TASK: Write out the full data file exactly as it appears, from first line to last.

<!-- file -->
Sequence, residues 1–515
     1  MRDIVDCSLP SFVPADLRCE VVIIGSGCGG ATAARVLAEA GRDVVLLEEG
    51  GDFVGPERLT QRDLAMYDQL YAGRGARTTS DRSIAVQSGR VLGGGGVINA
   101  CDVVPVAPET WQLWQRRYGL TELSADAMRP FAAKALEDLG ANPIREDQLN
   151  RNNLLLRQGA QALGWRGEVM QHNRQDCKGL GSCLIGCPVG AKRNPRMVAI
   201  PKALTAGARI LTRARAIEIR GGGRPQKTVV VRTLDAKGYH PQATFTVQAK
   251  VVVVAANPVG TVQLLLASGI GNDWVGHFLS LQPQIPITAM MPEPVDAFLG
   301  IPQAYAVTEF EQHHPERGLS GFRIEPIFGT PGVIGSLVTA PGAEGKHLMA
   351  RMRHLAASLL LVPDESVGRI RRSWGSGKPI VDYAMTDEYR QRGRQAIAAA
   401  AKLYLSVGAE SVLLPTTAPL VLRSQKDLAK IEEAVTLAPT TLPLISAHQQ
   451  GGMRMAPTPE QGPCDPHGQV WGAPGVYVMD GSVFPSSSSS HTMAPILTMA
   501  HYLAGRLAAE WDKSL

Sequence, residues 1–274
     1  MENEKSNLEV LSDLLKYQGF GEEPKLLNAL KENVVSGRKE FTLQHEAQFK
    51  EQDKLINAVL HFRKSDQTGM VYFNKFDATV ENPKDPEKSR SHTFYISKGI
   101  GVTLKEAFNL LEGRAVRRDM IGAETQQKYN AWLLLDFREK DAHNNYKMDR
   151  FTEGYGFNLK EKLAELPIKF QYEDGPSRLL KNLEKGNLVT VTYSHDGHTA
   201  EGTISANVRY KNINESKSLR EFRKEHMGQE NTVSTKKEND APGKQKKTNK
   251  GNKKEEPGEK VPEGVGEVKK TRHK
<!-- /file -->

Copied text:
Sequence, residues 1–515
     1  MRDIVDCSLP SFVPADLRCE VVIIGSGCGG ATAARVLAEA GRDVVLLEEG
    51  GDFVGPERLT QRDLAMYDQL YAGRGARTTS DRSIAVQSGR VLGGGGVINA
   101  CDVVPVAPET WQLWQRRYGL TELSADAMRP FAAKALEDLG ANPIREDQLN
   151  RNNLLLRQGA QALGWRGEVM QHNRQDCKGL GSCLIGCPVG AKRNPRMVAI
   201  PKALTAGARI LTRARAIEIR GGGRPQKTVV VRTLDAKGYH PQATFTVQAK
   251  VVVVAANPVG TVQLLLASGI GNDWVGHFLS LQPQIPITAM MPEPVDAFLG
   301  IPQAYAVTEF EQHHPERGLS GFRIEPIFGT PGVIGSLVTA PGAEGKHLMA
   351  RMRHLAASLL LVPDESVGRI RRSWGSGKPI VDYAMTDEYR QRGRQAIAAA
   401  AKLYLSVGAE SVLLPTTAPL VLRSQKDLAK IEEAVTLAPT TLPLISAHQQ
   451  GGMRMAPTPE QGPCDPHGQV WGAPGVYVMD GSVFPSSSSS HTMAPILTMA
   501  HYLAGRLAAE WDKSL

Sequence, residues 1–274
     1  MENEKSNLEV LSDLLKYQGF GEEPKLLNAL KENVVSGRKE FTLQHEAQFK
    51  EQDKLINAVL HFRKSDQTGM VYFNKFDATV ENPKDPEKSR SHTFYISKGI
   101  GVTLKEAFNL LEGRAVRRDM IGAETQQKYN AWLLLDFREK DAHNNYKMDR
   151  FTEGYGFNLK EKLAELPIKF QYEDGPSRLL KNLEKGNLVT VTYSHDGHTA
   201  EGTISANVRY KNINESKSLR EFRKEHMGQE NTVSTKKEND APGKQKKTNK
   251  GNKKEEPGEK VPEGVGEVKK TRHK